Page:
Architect, designer, and painter Harvey Ellis was born in Rochester, New York in 1852. From 1879 to 1885, he and his brother, Charles Ellis, ran an architectural firm in Rochester that focused on residential and commercial buildings. In 1885, he won first prize for his design of a monument to General Ulysses Grant, sponsored by the American Architect and Building News.
He went on to work as a designer and architectural draughtsman for a series of architectural firms in the Midwestern United States, including LeRoy Sunderland Buffington (1887–89, Minneapolis, MN); Eckel & Mann (1889–91, St. Joseph, MO); and George R. Mann (1891–93, St. Louis, MO).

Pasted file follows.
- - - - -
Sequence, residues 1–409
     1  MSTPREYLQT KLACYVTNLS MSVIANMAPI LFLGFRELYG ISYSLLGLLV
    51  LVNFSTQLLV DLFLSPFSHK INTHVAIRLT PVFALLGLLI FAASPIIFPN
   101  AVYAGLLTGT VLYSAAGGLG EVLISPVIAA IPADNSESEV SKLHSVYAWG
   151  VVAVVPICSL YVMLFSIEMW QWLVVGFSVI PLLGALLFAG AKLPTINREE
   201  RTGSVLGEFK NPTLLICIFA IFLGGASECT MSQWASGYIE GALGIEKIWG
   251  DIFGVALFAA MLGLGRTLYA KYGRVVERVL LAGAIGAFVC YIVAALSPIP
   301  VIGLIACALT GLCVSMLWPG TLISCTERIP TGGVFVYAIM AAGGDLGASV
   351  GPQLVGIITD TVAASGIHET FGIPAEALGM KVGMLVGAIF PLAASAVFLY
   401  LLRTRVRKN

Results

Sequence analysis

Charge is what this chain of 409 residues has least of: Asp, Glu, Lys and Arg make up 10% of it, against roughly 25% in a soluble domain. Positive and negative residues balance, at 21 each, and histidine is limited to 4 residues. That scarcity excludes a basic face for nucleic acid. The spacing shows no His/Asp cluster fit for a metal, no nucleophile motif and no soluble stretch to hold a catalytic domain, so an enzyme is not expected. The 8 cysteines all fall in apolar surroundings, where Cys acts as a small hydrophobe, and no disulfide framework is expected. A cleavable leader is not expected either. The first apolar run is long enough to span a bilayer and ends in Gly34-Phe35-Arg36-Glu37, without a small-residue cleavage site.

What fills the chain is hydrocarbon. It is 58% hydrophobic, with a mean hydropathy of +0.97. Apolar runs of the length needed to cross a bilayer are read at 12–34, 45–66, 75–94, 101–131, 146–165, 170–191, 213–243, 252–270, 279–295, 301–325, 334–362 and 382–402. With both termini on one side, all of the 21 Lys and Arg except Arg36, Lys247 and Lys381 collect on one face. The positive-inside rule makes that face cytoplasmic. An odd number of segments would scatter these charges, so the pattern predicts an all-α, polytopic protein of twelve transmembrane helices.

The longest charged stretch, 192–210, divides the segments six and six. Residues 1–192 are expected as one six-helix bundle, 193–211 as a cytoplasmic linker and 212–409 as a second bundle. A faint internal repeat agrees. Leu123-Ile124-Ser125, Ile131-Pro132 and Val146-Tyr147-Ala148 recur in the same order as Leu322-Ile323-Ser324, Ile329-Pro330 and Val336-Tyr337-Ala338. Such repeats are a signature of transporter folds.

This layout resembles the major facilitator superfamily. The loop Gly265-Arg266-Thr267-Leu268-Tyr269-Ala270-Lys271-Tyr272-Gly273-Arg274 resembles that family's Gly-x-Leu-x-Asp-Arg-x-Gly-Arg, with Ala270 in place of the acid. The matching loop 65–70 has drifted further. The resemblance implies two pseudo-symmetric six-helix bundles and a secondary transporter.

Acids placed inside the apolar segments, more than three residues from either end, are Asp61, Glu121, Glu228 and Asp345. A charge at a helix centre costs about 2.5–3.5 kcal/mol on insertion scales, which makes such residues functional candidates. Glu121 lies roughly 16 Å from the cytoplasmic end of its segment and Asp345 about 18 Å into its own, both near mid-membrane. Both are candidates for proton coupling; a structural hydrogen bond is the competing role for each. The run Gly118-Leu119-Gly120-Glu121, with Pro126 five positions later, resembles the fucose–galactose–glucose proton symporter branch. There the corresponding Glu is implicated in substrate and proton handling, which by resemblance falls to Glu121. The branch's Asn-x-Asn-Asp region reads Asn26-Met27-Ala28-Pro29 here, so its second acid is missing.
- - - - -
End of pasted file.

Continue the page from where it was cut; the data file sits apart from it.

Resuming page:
Ellis returned to Rochester in 1893 and focused on moderately avant-garde painting, designs for stained glass, and graphic design for posters and magazine covers. In 1897, he helped found the Rochester Arts and Crafts Society. In 1903, just a year before his death, he moved to Syracuse, New York at the invitation of American furniture designer and publisher Gustav Stickley, where he worked as a designer and wrote multiple articles for The Craftsman magazine. Ellis passed away in 1904 in Syracuse.